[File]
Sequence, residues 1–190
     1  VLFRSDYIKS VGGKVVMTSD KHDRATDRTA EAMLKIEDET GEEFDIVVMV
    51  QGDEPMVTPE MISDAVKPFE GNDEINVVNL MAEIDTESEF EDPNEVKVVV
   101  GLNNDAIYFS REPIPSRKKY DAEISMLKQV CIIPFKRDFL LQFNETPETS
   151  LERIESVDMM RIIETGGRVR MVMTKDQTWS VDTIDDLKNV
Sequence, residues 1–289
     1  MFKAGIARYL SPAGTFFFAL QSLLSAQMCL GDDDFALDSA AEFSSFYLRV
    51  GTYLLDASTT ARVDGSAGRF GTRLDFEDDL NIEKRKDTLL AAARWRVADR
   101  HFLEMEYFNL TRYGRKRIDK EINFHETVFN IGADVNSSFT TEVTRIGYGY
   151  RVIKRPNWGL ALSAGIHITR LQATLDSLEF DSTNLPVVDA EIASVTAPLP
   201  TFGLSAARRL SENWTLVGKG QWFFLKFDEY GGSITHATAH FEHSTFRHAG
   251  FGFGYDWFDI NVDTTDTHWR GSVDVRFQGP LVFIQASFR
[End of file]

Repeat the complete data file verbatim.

Sequence, residues 1–190
     1  VLFRSDYIKS VGGKVVMTSD KHDRATDRTA EAMLKIEDET GEEFDIVVMV
    51  QGDEPMVTPE MISDAVKPFE GNDEINVVNL MAEIDTESEF EDPNEVKVVV
   101  GLNNDAIYFS REPIPSRKKY DAEISMLKQV CIIPFKRDFL LQFNETPETS
   151  LERIESVDMM RIIETGGRVR MVMTKDQTWS VDTIDDLKNV
Sequence, residues 1–289
     1  MFKAGIARYL SPAGTFFFAL QSLLSAQMCL GDDDFALDSA AEFSSFYLRV
    51  GTYLLDASTT ARVDGSAGRF GTRLDFEDDL NIEKRKDTLL AAARWRVADR
   101  HFLEMEYFNL TRYGRKRIDK EINFHETVFN IGADVNSSFT TEVTRIGYGY
   151  RVIKRPNWGL ALSAGIHITR LQATLDSLEF DSTNLPVVDA EIASVTAPLP
   201  TFGLSAARRL SENWTLVGKG QWFFLKFDEY GGSITHATAH FEHSTFRHAG
   251  FGFGYDWFDI NVDTTDTHWR GSVDVRFQGP LVFIQASFR